South America: Brazilian Men’s Team Takes A Big Hit Without Gabriel Santos


The Brazilian men have taken a large deficit with the recent decision to suspend sprinter Gabriel Santos right in Gwangju and remove him immediately from the championships. G. Santos was a vital member of the men’s 4x100m free relay. In 2017, he was a member of the silver-medal winning relay that also set the national and South American record of 3:10.34.

Taking his place was Pedro Spajari, who split 48.14 in the final. During the 2017 final, G. Santos led off the relay with a 48.30. However, it was Marcelo Chierighini in 2017 that split the 46.85 to power their relay. This year, Chierighini only swam a 48.10 lead-off. The remaining members of the relay, Bruno Fratus (47.78) and Breno Correia (47.97), had the fastest two splits of the relay. Without G. Santos, the Brazilians faded to sixth place with a time of 3:11.99.

The downfall from G. Santos’ removal followed the Brazilians into the individual events. No country from South America has earned a medal from the first four finals, and the day 2 finals will only feature one opportunity to earn a medal. Brazilian breaststroke stars Felipe Lima and Joao Gomes both missed the top 8 in the 100 breast, with Lima finishing 18th in prelims and Gomes finishing 11th in semifinals.

Tomorrow, Brazilian Nicholas Santos has a great chance at picking up his country’s and South America’s first pool medal of these championships in the 50 fly. N. Santos finished second in the semifinals of the event in a 22.77, just 0.17s off his national and continental record of 22.60.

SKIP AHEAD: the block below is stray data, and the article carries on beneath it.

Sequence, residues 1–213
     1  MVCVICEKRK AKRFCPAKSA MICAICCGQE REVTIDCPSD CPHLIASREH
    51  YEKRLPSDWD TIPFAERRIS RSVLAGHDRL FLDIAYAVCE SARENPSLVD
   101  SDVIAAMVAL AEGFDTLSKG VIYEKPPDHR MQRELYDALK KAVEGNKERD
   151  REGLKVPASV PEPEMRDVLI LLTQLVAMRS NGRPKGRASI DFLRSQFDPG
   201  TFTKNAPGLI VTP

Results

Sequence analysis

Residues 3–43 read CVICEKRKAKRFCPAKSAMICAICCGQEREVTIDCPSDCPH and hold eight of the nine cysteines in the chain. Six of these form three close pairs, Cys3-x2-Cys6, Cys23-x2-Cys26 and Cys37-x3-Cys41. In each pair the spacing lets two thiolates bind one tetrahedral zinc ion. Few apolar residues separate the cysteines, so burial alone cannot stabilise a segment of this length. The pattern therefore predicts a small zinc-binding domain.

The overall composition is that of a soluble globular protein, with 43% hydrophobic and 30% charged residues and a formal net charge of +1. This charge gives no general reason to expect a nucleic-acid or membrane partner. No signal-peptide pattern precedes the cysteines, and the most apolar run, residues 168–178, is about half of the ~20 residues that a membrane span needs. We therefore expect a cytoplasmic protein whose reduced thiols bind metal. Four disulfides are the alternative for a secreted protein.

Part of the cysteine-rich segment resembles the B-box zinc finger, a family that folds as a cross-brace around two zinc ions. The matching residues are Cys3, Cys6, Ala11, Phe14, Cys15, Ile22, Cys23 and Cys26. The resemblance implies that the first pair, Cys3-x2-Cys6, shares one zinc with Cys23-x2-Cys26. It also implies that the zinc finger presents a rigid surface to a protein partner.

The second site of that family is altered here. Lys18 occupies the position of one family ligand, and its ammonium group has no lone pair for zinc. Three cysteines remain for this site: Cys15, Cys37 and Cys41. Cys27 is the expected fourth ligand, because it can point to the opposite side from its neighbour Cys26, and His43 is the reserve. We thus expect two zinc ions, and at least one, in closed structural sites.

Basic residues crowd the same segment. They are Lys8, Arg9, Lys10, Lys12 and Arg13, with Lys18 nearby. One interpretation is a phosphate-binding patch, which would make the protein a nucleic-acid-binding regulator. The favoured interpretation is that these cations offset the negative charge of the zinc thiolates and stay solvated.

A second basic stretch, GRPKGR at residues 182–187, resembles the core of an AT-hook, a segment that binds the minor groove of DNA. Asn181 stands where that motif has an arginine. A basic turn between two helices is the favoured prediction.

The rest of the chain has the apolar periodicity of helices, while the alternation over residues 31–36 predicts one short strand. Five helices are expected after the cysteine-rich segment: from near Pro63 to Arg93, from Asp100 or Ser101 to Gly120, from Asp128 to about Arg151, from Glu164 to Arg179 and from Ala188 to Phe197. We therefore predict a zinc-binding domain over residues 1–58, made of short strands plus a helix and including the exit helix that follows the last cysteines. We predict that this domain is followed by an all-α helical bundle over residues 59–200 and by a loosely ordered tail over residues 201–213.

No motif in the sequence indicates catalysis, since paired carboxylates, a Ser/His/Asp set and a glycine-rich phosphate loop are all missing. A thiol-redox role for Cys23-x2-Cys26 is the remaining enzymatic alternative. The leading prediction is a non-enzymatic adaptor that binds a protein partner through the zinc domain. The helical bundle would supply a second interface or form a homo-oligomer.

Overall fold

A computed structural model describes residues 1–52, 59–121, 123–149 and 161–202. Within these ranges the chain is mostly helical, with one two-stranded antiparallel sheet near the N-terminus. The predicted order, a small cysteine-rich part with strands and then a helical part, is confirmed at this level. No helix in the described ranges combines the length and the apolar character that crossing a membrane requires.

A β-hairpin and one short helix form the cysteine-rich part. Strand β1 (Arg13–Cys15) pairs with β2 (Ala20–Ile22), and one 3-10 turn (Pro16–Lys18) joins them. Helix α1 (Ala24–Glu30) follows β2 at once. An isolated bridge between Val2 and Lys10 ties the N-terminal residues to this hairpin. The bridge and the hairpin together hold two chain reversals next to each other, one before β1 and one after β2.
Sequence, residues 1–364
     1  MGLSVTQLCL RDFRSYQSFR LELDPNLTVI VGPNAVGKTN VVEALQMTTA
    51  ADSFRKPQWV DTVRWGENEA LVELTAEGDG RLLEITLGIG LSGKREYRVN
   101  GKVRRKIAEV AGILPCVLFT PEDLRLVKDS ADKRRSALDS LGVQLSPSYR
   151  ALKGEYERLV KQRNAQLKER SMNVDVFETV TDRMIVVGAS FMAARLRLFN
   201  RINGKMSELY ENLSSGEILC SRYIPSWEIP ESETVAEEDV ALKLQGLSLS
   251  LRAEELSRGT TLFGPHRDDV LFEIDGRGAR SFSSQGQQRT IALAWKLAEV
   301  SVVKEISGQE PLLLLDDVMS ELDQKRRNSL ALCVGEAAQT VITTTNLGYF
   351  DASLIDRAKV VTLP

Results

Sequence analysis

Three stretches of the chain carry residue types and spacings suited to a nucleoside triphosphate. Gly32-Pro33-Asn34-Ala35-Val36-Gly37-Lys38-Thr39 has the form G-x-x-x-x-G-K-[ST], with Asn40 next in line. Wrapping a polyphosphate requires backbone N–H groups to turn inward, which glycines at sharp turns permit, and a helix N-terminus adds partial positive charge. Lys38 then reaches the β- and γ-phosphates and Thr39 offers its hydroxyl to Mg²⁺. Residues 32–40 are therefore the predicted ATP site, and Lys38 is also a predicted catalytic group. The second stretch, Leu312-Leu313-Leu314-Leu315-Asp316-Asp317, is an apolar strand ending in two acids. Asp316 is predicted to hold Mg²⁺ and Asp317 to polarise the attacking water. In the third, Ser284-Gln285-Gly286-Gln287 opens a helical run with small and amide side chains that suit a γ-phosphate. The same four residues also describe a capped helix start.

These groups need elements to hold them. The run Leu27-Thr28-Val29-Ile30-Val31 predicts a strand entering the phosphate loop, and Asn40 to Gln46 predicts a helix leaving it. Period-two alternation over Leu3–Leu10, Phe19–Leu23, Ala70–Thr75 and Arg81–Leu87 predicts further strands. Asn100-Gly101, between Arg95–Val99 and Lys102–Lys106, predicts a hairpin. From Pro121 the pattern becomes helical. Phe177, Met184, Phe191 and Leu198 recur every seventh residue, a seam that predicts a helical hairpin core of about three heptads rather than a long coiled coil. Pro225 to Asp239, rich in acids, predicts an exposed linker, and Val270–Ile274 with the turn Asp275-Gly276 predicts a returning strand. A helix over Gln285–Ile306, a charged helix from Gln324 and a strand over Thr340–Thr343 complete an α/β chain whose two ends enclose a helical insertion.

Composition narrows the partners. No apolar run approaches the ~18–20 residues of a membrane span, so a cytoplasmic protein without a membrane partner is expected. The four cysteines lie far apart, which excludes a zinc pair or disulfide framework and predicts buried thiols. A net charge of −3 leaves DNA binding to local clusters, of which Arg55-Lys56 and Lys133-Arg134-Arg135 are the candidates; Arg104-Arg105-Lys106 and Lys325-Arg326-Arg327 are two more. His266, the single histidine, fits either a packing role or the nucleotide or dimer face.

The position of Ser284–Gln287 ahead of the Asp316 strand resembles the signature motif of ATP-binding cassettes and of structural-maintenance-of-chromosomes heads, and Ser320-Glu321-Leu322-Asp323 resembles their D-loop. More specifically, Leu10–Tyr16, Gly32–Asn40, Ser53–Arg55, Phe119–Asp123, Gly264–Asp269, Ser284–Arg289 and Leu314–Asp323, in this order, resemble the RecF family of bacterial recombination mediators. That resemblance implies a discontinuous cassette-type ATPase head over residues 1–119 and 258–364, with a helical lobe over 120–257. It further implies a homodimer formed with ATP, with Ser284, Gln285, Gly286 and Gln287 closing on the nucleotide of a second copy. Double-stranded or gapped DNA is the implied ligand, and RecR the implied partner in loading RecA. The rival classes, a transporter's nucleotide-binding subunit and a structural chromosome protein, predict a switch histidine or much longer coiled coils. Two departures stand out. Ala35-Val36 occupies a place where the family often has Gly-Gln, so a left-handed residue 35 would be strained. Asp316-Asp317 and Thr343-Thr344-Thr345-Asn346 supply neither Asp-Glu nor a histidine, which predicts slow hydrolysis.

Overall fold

South American Records Broken:

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2 years ago

In unrelated news. Conderellis walkout song is billy Joel because he likes pianos

2 years ago

Imagine where the Chinese would be without THEIR cheater….

2 years ago

I will be very pissed if they drop a 3:10 at pan American

Reply to  Rafael
2 years ago

I expected them to be close to 3.10.00 but was vert disappointed by their times.

2 years ago

What happened with Correia?

2 years ago

Want to compete? Don’t dope. I mean don’t use your brother’s “aftershave”.

About Nick Pecoraro

Nick Pecoraro

Nick Pecoraro started swimming at age 11, instantly becoming drawn to the sport. He was a breaststroker and IMer when competing. After joining SwimSwam, the site has become an outlet for him to research and learn about competitive swimming and experience the sport through a new lenses. He graduated in …

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